Durr organizes segregated entertainment
As Durr continued searching for ways to offer relief to the poverty-stricken people living in Birmingham during the Great Depression, she stumbled across the police department and fire department bands. She convinced them to give free concerts and sing-alongs every Sunday, offering free entertainment to white citizens who could not afford to pay for recreation. African Americans could not attend, however, because the events were held in the city auditorium.
Citing this Excerpt
Oral History Interview with Virginia Foster Durr, March 13, 14, 15, 1975. Interview G-0023-2. Southern Oral History Program Collection (#4007) in the Southern Oral History Program Collection, Southern Historical Collection, Wilson Library, University of North Carolina at Chapel Hill.
Full Text of the Excerpt
- CLIFFORD DURR:
Well, before I get on that, Virginia was talking aboutthe milk program. Virginia did that herself and put it across. And I can remember your blackmailing the Southern Dairies Association, too. They had quite a reputation as gangsters and here was a chance to reinstate themselves in public esteem a little bit. That's a long story and here is another thing that Virginia didn't mention and I think that it was rather important. She came home one night and was talking about these families who had nothing, not even a dime for the movies. They had no outlet at all and so they were tugging on each other and taking it out. She said that if they just had some kind of recreation and all at once, she broke off the conversation and called the chief of the fire department. She said, "Everytime I pass the fire department down there at Five Points, I hear somebody tooting away in the back on a trombone or a bass horn. Have you firemen got a band?" He said, "Well, sure, we've got a good band down here, but there is nobody around
to listen to us." So, Virginia said, "If I get an audience for you, will you put on a concert?" He said that there was nothing the boys would love better. So, the next thing I knew, she was calling the mayor. This was nighttime. She said, "I want to get the city auditorium next Sunday at 2:30." The mayor said, "Well, I don't know what you want with it, nobody else wants it, but you must promise not to tear it down and you can have it." So, then she called the newspapers and announced that they were having this free band concert at 2:30 on Sunday in the city auditorium. Well, we were eating breakfast and the phone rang and it was the chief of police. He said, "What is this about you putting on a concert with the firemen's band? The policemen have got a hell of a lot better band than the firemen." So, Virginia said, "Bring them along, let's see." So, this thing began to build up and volunteers began to show up and these people began to flock in. . . .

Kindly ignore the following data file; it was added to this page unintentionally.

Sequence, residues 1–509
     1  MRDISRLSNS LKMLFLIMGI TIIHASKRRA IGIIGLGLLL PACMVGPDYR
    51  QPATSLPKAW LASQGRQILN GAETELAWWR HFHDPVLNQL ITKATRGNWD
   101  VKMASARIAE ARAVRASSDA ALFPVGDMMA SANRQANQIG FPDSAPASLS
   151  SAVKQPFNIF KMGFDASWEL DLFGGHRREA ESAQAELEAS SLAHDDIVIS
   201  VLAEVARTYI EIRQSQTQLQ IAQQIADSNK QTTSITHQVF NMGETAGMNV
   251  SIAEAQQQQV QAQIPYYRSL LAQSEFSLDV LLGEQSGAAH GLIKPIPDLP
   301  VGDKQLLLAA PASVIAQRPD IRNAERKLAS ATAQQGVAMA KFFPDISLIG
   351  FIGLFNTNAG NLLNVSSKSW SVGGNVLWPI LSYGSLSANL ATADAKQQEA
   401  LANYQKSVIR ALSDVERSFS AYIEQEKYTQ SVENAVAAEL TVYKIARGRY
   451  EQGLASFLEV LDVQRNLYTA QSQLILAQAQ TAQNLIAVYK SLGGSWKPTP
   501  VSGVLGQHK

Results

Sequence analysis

- VIRGINIA FOSTER DURR:
We had sing-alongs, too.
- CLIFFORD DURR:
Virginia insisted that there be sing-alongs to let the people participate, too. Well, some guy showed up, I think that he was an insurance salesman or something, but he was one of the best masters of ceremonies that I have ever
heard and with a line of chatter that was magnificent. So, every Sunday, we were having this free concert and show that really got going about the time that we went to Washington.
- SUE THRASHER:
Now, who would come to these? Would these be the people that you would be going out to. . . ..
- VIRGINIA FOSTER DURR:
Well, honey, I don't know. Anybody could come. I suppose that anybody did come. Of course, no black people came. The city auditorium was closed to black people and of course, the black people were terribly in want. Now, through Mrs. Bishop, we did go to some black families and they were eligible for relief. As I can remember, the relief, which was two and a half dollars a week, went mostly to these people of Tennessee Coal, Iron and Railroad Company and Republic Steel and the big northern corporations who were down there and who had shut off everything. Well, anyway, that was in 1933.